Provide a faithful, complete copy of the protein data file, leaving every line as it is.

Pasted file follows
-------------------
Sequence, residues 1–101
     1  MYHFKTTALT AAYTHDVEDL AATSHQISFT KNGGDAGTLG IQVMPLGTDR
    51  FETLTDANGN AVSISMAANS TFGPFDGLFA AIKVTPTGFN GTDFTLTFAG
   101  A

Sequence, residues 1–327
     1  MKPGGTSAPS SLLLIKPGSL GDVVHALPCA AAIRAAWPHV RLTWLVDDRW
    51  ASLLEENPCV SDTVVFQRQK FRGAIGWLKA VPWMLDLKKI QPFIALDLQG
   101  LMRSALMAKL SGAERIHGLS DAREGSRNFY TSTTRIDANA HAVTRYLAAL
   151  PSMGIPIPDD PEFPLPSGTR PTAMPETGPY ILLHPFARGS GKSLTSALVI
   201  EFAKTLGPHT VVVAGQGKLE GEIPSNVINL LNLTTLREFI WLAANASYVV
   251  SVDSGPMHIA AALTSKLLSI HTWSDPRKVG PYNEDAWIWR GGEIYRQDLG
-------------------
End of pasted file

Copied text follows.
Sequence, residues 1–101
     1  MYHFKTTALT AAYTHDVEDL AATSHQISFT KNGGDAGTLG IQVMPLGTDR
    51  FETLTDANGN AVSISMAANS TFGPFDGLFA AIKVTPTGFN GTDFTLTFAG
   101  A

Sequence, residues 1–327
     1  MKPGGTSAPS SLLLIKPGSL GDVVHALPCA AAIRAAWPHV RLTWLVDDRW
    51  ASLLEENPCV SDTVVFQRQK FRGAIGWLKA VPWMLDLKKI QPFIALDLQG
   101  LMRSALMAKL SGAERIHGLS DAREGSRNFY TSTTRIDANA HAVTRYLAAL
   151  PSMGIPIPDD PEFPLPSGTR PTAMPETGPY ILLHPFARGS GKSLTSALVI
   201  EFAKTLGPHT VVVAGQGKLE GEIPSNVINL LNLTTLREFI WLAANASYVV
   251  SVDSGPMHIA AALTSKLLSI HTWSDPRKVG PYNEDAWIWR GGEIYRQDLG